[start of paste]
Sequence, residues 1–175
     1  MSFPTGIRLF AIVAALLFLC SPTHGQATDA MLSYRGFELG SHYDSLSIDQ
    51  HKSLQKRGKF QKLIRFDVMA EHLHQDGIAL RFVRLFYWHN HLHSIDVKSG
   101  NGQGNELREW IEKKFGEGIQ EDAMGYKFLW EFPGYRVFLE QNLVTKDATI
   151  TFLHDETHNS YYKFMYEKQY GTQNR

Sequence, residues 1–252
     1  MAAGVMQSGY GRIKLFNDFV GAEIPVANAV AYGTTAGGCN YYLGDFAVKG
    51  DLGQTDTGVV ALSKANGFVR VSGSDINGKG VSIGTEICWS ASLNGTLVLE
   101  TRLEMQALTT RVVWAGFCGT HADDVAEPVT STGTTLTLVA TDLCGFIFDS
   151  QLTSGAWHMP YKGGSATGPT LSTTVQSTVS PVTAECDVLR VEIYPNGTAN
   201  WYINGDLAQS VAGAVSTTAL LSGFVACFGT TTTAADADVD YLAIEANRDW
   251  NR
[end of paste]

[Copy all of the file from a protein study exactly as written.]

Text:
Sequence, residues 1–175
     1  MSFPTGIRLF AIVAALLFLC SPTHGQATDA MLSYRGFELG SHYDSLSIDQ
    51  HKSLQKRGKF QKLIRFDVMA EHLHQDGIAL RFVRLFYWHN HLHSIDVKSG
   101  NGQGNELREW IEKKFGEGIQ EDAMGYKFLW EFPGYRVFLE QNLVTKDATI
   151  TFLHDETHNS YYKFMYEKQY GTQNR

Sequence, residues 1–252
     1  MAAGVMQSGY GRIKLFNDFV GAEIPVANAV AYGTTAGGCN YYLGDFAVKG
    51  DLGQTDTGVV ALSKANGFVR VSGSDINGKG VSIGTEICWS ASLNGTLVLE
   101  TRLEMQALTT RVVWAGFCGT HADDVAEPVT STGTTLTLVA TDLCGFIFDS
   151  QLTSGAWHMP YKGGSATGPT LSTTVQSTVS PVTAECDVLR VEIYPNGTAN
   201  WYINGDLAQS VAGAVSTTAL LSGFVACFGT TTTAADADVD YLAIEANRDW
   251  NR